But he is facing a stiff challenge from former Florida House Speaker Marco Rubio who is backed by the conservative Club for Growth and many of the state's TEA Party activists.
Crist's No. 1 conservative apostasy is that he embraced President Obama's economic stimulus package. Crist further complicated his situation by inaccurately telling CNN that he "didn't endorse" the stimulus. Crist's camp is fighting back, however, and is making a concerted effort to paint Rubio as less than a down-the-line conservative.
Two Florida Democrats are competing for the Senate nomination: Rep. Kendrick Meek, D-Fla., and former Miami Mayor Maurice Ferre.
Meek is a member of the Congressional Black Caucus who backed Hillary Clinton for president and is now being helped by former President Bill Clinton. The Meek camp, which was recently allowed to meet with reporters at the offices of the Democratic Senatorial Campaign Committee, thinks that Rubio would be tougher to beat than Crist. Although Meek would try to paint either Republican as wanting to take Florida back to "Bush-style" economics, the Meek camp thinks it can also paint Crist as walking away from the problems facing state government. Democrats also fear that Rubio, who is Cuban-American, would be able to cut into Democratic support among Latinos.
Ferre, who led Miami from 1975-83, was born in the American territory of Puerto Rico. He has come out against President Obama's troop build-up in Afghanistan and has accused Meek, who supports the president, of putting party ahead of sound judgment.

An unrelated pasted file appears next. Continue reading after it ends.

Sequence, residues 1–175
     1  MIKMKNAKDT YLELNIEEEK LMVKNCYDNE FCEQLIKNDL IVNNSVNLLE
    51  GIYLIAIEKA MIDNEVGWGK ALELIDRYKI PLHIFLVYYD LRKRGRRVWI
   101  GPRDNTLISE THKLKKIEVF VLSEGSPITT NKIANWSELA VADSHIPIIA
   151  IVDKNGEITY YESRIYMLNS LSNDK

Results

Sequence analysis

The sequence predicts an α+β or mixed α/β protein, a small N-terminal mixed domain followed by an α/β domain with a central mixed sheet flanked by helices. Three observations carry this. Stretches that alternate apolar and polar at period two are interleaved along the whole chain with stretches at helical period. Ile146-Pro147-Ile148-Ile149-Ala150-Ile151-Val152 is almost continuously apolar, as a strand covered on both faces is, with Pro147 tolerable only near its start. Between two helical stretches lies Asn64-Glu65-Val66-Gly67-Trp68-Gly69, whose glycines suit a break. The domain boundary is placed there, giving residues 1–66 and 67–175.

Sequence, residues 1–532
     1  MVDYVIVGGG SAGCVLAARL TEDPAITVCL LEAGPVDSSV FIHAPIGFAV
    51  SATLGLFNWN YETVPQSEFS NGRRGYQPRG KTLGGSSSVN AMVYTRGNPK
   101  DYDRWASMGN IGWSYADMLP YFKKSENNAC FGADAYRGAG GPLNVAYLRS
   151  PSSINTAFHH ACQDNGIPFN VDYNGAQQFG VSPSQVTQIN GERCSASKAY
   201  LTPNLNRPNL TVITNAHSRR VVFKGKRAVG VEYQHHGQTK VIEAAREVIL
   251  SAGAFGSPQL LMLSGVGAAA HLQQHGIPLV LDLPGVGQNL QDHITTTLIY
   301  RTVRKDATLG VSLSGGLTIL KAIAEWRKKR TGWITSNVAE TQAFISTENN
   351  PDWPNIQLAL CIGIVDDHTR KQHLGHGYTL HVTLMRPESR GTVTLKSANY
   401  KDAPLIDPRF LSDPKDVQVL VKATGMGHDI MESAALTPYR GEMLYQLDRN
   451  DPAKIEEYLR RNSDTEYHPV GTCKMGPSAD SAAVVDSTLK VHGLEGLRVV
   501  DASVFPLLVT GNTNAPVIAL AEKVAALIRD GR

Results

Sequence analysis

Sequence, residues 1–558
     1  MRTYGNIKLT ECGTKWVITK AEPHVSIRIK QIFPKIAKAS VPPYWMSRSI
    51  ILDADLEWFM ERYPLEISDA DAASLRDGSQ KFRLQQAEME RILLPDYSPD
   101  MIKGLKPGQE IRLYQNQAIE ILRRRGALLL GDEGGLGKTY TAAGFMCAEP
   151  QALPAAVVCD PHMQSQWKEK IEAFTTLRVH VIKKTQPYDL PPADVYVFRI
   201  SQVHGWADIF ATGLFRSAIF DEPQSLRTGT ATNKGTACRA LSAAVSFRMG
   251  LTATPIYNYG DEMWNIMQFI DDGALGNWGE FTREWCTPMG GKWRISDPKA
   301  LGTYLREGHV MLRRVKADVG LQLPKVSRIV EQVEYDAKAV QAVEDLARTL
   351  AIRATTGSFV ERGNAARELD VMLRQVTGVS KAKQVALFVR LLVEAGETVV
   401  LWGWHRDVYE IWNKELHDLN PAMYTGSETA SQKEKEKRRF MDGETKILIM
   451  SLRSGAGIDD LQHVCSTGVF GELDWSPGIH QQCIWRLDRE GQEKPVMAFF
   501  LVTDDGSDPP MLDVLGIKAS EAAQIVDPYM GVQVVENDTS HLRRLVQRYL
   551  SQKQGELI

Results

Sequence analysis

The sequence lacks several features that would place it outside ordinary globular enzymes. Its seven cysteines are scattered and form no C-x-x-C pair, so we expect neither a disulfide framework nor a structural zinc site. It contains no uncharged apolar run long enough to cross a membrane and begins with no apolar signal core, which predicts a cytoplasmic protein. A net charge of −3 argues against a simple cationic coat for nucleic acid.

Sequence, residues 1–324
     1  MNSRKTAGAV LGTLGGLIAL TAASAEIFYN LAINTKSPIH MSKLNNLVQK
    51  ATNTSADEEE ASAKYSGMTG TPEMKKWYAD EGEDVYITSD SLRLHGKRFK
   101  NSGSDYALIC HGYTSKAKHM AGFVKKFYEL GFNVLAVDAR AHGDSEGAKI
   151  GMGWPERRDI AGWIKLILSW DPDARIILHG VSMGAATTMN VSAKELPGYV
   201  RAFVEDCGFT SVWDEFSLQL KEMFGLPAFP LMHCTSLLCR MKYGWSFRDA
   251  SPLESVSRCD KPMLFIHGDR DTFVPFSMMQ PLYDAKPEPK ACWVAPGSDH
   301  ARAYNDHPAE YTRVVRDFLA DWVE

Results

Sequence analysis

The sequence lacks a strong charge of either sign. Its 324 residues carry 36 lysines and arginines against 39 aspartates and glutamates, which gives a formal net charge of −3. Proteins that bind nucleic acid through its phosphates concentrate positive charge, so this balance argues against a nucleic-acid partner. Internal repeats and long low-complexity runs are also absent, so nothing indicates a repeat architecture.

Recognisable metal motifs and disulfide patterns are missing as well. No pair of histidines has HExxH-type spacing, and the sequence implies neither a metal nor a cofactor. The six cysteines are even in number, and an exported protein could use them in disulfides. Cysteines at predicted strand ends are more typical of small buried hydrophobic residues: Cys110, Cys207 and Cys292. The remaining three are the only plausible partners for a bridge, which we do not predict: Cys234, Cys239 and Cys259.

Next year's Missouri Senate race features two of the best-known families in state politics.
The Democratic candidate is Secretary of State Robin Carnahan. She is the daughter of Jean Carnahan, who served in the U.S. Senate, and the late Mel Carnahan, who was governor of Missouri.
The Republican candidate is Rep. Roy Blunt, the former House Republican Whip, whose son, Matt, served as the state's governor from 2005-09.
Democrats are bullish on Carnahan's chances: Sen. Bob Menendez, D-N.J., the chairman of the Democratic Senatorial Campaign Committee (D.S.C.C.), recently told ABC's "Top Line" that Missouri is the party's best pick-up opportunity in 2010.
Carnahan's strength in the race is that she holds statewide office and isn't burdened by a legislative voting record that she has to defend. She is currently driving Republicans in the state crazy by not staking out positions on controversial issues.
Blunt, for his part, has the national environment going for him. Both candidates will be well-funded: at the end of the third quarter, Blunt had $2.2 million on hand and Carnahan had $1.8 million. The outcome in Missouri will be closely scrutinized for clues about the 2012 presidential race: in 2008, the state went for John McCain over Barack Obama by a narrow 4,000-vote margin.
Republicans are hoping to turn Senate Democratic Leader Harry Reid, D-Nev., into the Tom Daschle of 2010. Back in 2004, Daschle, who was the Democratic leader at the time, was defeated in his bid for re-election by then-Rep. John Thune, R-S.D.